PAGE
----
|Date: November 15, 2004||HC# 080243-268|
Re: Korean Herbal Medicine
Yarnell E, Abascal K. Herbal medicine in Korea. Alternative & Complementary Therapies. 2004;June:161-166.
In Korea, a almost unbroken tradition of herbal medicine (Hanbang) extends from thousands of years in the past to the present day. Although Hanbang was suppressed during the Japanese occupation of Korea in 1910–1945, it survived this period and was revived after the Korean War with strong government support. Christian missionaries introduced Western medicine into Korea in the 1800s. However, only during the Japanese occupation did Western medicine become firmly established. At this time, the legal standing of Hanbang came into question. After the occupation and a period of political struggle, Hanbang practitioners (called hanuisa) finally obtained the equivalent licensure of medical doctors and are referred to as "Oriental Medical Doctors" (OMDs). With licensure came the opening of the University of Oriental Herbal Medicine, the first OMD training program approved by the government and incorporating Western medical standards. Ten additional schools had opened by 2001, and about 650 OMDs graduate each year.
These schools teach both Western science and traditional herbal therapeutics, much like naturopathic medical instruction in the United States. Although OMDs generally base diagnoses and prescriptions on ancient knowledge, they do incorporate findings from Western medicine, such as Helicobacter pylori as the cause of peptic ulcer. OMDs practice either in small clinics or in traditional medicine hospitals, such as the modern Hospital of Jaseng Oriental Medicine in Seoul. Small herbal clinics run by OMDs constitute more than 50% of the herb shops in the Gyeongdong Market, which is the largest herb market in Korea. Among the Korean herbs sold in the market are dong quai (Angelica sinensis), Asian ginseng (Panax ginseng), and reishi (Ganoderma lucidum). Herbal medicine research in Korea receives funding from both private and public sources.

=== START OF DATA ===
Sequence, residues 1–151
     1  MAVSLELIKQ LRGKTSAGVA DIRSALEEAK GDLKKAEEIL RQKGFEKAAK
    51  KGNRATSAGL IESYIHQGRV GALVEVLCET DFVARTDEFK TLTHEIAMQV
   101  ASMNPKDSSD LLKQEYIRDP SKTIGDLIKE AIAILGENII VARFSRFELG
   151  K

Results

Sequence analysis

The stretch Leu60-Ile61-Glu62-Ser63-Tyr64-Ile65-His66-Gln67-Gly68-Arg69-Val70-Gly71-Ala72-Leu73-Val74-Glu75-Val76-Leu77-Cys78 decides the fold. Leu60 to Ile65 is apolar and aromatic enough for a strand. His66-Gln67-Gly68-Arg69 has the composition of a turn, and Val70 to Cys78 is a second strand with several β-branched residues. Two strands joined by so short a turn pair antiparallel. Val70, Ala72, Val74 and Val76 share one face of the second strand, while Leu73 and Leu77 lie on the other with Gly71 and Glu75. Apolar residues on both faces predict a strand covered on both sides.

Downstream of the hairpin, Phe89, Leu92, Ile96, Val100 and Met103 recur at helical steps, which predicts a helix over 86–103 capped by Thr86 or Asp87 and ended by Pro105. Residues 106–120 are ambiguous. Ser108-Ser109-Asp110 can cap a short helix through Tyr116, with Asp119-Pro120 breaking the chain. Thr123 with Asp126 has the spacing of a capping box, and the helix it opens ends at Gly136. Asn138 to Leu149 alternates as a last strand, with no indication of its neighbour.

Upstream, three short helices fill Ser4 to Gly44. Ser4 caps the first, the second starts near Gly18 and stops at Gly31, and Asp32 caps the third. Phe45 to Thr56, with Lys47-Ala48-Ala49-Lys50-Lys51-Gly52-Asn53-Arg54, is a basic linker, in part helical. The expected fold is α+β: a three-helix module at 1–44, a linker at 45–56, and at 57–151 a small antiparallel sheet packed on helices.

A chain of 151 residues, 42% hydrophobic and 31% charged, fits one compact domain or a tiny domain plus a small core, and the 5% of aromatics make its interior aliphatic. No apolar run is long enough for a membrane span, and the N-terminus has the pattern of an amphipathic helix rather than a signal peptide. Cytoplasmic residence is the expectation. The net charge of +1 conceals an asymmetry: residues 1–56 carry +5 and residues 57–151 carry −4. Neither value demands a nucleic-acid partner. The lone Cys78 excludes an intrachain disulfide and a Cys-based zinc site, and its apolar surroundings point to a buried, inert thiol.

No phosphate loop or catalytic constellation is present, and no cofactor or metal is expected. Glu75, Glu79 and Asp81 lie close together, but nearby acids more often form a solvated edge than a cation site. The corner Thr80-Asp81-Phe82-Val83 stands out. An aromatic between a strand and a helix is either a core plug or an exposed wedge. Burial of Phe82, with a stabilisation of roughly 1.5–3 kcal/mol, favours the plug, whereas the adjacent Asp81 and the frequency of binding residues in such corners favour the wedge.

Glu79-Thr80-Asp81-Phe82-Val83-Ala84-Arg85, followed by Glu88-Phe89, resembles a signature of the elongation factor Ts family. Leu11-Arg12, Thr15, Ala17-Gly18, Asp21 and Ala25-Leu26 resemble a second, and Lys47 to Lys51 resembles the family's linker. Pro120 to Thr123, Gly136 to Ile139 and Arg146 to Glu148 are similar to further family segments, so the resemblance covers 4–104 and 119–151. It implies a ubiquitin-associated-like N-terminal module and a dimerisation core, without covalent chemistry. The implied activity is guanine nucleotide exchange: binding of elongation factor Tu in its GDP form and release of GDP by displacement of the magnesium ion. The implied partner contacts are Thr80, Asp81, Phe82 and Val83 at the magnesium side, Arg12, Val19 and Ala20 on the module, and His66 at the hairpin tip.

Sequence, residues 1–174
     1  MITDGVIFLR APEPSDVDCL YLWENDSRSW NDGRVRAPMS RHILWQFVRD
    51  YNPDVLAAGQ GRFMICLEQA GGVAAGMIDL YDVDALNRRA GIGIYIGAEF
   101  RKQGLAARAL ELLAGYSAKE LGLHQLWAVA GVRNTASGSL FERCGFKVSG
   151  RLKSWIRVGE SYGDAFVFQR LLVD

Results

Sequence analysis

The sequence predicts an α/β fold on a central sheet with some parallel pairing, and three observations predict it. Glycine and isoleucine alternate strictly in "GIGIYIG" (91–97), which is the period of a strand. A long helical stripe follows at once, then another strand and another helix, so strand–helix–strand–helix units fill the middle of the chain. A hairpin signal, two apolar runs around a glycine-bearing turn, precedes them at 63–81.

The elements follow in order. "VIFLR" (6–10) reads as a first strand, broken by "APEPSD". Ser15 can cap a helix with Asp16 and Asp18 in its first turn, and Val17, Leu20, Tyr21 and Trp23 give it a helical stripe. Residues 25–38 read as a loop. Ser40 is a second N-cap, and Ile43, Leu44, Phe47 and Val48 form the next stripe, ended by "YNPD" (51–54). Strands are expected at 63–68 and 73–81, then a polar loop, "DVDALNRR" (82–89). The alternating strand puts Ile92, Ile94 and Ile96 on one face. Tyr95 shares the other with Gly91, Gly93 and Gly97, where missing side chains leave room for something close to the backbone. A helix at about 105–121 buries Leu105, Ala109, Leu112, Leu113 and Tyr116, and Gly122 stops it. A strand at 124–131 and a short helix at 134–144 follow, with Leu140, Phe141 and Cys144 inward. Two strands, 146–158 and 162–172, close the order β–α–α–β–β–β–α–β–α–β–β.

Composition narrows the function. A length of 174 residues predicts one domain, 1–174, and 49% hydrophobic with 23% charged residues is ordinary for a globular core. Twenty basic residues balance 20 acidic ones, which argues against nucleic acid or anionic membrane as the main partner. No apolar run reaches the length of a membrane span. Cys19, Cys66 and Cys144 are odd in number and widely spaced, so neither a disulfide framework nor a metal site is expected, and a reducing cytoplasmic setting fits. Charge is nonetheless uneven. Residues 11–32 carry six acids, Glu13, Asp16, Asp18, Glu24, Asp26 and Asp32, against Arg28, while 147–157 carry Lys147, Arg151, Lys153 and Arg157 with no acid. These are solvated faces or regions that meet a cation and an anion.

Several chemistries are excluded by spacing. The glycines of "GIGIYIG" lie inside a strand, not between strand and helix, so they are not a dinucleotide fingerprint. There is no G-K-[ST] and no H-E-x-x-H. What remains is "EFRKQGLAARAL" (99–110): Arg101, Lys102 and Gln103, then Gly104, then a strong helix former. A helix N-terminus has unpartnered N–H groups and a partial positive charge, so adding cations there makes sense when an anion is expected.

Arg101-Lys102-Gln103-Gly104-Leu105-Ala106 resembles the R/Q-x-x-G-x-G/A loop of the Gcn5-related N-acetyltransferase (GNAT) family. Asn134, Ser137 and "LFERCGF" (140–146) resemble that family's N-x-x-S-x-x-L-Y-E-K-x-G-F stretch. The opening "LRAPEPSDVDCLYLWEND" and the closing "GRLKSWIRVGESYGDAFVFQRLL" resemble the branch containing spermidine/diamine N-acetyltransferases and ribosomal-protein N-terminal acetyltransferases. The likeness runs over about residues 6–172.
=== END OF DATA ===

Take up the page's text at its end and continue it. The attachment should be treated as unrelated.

Although Hanbang has mainstream status and support in Korea, its status is still inferior to that of Western medicine. In comparison with Western medicine, Hanbang receives less funding, has fewer practitioners (only 10% of licensed physicians are OMDs), and is not covered as well by the national health care system. There are tensions between OMDs and MDs and between OMDs and pharmacists, who can prescribe drugs directly without physician input in Korea. In the latter case, strife has arisen over who should have legal authority to dispense herbal medicines; the law in 1953 enabling pharmacists to dispense herbal medicines was reversed in 1975 due to petitioning by OMDs but was reinstated in 1993.
In conclusion, Hanbang is a significant contributor to health care in Korean society. According to the authors, because of its unbroken tradition, herbal medicine in Korea is more advanced than that in the West. Despite challenges from Western medicine, Hanbang is thriving, in part because its practitioners receive licensing akin to that of MDs. Finally, a substantial effort is being made in Korea to document the safety and efficacy of Hanbang.